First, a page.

This week I was trapped in an aluminum tube with the movie, Mr. Magorium’s Magical Emporium. This is a piece of fluff that wastes Dustin Hoffman and Natalie Portman on a deeply vacuous story about a magic toy store, and how you can do anything you want if you only believe, and how accountants and grownups who work for a living are boring and need liberating by authentic people, like children, in touch with joy and love…I could, in Dorothy Parker’s immortal words, fwow up. In this movie, the toys are cast in the role usually given to Italians; actually the kid is eerily being the grownup for infantile adults, a little like the doomed hero of “The Rocking Horse Winner”.
What I realized later, though, is that it is not only a cheap piece of kitsch, but also inadvertently illustrates the problem I discussed in a post before Christmas, which is the way we are dumbing down kids’ environment by giving them toys that can’t really be played with, but only played in the sense that one plays a CD. In the whole movie, I recall only one scene in which any kid is actually playing with any of the zillion toys in the toy store at the center of the story, or anywhere else, and that scene involves an adult and a child playing dress-up parts with the help of a bunch of no-tech hats.Instead, the toys, with gee-whiz special effects, play by themselves and the kids watch. A bunch of balls fly up in the air…but no kid ever catches or throw a ball. Flying things zoom around. Dolls wave their arms. Everything lights up and flashes and turns colors…but the only thing the kids ever do is watch and speak the line “oooh!”, and sometimes the line “aaah!”. The juvenile lead actually interacts with a ball once…but it’s a room-sized playground ball that autonomously chases him and squashes him (no harm done) against a wall. The movie is playing the audience, in exactly the wrong way, and the toys are playing the kids. Good toys don’t come alive, they make kids come alive!
It’s cynical, manipulative and finally profoundly sad.
Author: Michael O'Hare
Professor of Public Policy at the Goldman School of Public Policy, University of California, Berkeley, Michael O'Hare was raised in New York City and trained at Harvard as an architect and structural engineer. Diverted from an honest career designing buildings by the offer of a job in which he could think about anything he wanted to and spend his time with very smart and curious young people, he fell among economists and such like, and continues to benefit from their generosity with on-the-job social science training.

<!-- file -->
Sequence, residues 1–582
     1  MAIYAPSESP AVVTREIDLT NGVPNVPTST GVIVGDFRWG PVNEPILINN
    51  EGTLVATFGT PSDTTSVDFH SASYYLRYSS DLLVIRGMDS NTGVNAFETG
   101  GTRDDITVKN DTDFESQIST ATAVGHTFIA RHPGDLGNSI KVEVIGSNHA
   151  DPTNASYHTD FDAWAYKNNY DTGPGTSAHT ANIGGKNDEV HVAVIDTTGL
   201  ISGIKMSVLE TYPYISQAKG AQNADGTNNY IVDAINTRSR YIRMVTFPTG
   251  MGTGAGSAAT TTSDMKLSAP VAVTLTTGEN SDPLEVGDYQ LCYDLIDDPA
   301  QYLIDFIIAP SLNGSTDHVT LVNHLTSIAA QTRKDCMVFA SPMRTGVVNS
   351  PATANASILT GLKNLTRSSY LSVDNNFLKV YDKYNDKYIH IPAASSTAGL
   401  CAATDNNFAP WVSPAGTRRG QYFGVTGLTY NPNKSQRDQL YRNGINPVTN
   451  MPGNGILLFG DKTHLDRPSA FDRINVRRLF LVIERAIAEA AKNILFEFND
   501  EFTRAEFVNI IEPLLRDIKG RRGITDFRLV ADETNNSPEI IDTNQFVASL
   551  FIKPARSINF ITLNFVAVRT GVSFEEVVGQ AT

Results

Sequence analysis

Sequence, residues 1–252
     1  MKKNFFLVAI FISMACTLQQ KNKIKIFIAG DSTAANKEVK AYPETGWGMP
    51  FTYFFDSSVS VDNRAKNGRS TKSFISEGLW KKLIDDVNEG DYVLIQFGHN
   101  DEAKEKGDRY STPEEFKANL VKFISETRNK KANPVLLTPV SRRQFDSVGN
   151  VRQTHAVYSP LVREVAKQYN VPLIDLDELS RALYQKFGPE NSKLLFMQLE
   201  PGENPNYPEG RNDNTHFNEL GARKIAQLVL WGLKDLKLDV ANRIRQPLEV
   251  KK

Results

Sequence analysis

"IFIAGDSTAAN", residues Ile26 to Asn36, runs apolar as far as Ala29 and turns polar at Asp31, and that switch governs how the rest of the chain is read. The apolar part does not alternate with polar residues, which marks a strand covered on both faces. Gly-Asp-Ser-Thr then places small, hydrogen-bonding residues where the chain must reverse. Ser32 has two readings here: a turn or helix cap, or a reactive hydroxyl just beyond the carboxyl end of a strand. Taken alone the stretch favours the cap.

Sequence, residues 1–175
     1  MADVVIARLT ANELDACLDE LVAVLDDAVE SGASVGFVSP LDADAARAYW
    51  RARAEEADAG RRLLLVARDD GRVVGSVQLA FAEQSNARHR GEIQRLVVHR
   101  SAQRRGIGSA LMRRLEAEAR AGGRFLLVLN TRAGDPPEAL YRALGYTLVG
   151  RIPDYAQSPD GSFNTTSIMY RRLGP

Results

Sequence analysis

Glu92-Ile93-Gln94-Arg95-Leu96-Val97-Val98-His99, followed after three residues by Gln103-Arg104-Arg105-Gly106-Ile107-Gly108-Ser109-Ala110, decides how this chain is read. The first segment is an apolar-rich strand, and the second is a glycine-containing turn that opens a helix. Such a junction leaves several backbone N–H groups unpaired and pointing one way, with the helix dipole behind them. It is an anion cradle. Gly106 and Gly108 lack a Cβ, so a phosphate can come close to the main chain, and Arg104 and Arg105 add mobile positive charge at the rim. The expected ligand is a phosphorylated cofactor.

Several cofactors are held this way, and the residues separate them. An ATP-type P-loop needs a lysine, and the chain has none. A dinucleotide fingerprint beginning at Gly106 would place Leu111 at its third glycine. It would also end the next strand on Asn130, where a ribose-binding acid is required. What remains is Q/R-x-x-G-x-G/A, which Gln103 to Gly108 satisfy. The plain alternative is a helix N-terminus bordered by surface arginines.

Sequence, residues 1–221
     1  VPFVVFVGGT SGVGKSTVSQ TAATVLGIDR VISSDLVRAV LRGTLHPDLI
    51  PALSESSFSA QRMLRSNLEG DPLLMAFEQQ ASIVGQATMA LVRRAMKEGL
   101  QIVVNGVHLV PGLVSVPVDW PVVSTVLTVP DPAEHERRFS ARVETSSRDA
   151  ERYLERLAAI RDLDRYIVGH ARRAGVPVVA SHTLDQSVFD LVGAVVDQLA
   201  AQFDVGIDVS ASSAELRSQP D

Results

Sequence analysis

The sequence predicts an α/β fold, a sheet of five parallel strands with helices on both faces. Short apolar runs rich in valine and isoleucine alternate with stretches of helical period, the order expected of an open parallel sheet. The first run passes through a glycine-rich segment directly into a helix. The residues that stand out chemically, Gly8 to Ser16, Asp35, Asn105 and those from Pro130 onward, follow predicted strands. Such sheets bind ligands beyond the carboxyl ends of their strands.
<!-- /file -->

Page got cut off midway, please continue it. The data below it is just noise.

He has followed the process and principles of design into "nonphysical environments" such as production processes in organizations, regulation, and information management and published a variety of research in environmental policy, government policy towards the arts, and management, with special interests in energy, facility siting, information and perceptions in public choice and work environments, and policy design. His current research is focused on transportation biofuels and their effects on global land use, food security, and international trade; regulatory policy in the face of scientific uncertainty; and, after a three-decade hiatus, on NIMBY conflicts afflicting high speed rail right-of-way and nuclear waste disposal sites. He is also a regular writer on pedagogy, especially teaching in professional education, and co-edited the "Curriculum and Case Notes" section of the Journal of Policy Analysis and Management.
Between faculty appointments at the MIT Department of Urban Studies and Planning and the John F. Kennedy School of Government at Harvard, he was director of policy analysis at the Massachusetts Executive Office of Environmental Affairs. He has had visiting appointments at UniversitÃ Bocconi in Milan and the National University of Singapore and teaches regularly in the Goldman School's executive (mid-career) programs.
At GSPP, O'Hare has taught a studio course in Program and Policy Design, Arts and Cultural Policy, Public Management, the pedagogy course for graduate student instructors, Quantitative Methods, Environmental Policy, and the introduction to public policy for its undergraduate minor, which he supervises. Generally, he considers himself the school's resident expert in any subject in which there is no such thing as real expertise (a recent project concerned the governance and design of California county fairs), but is secure in the distinction of being the only faculty member with a metal lathe in his basement and a 4Ã—5 Ebony view camera. At the moment, he would rather be making something with his hands than writing this blurb.
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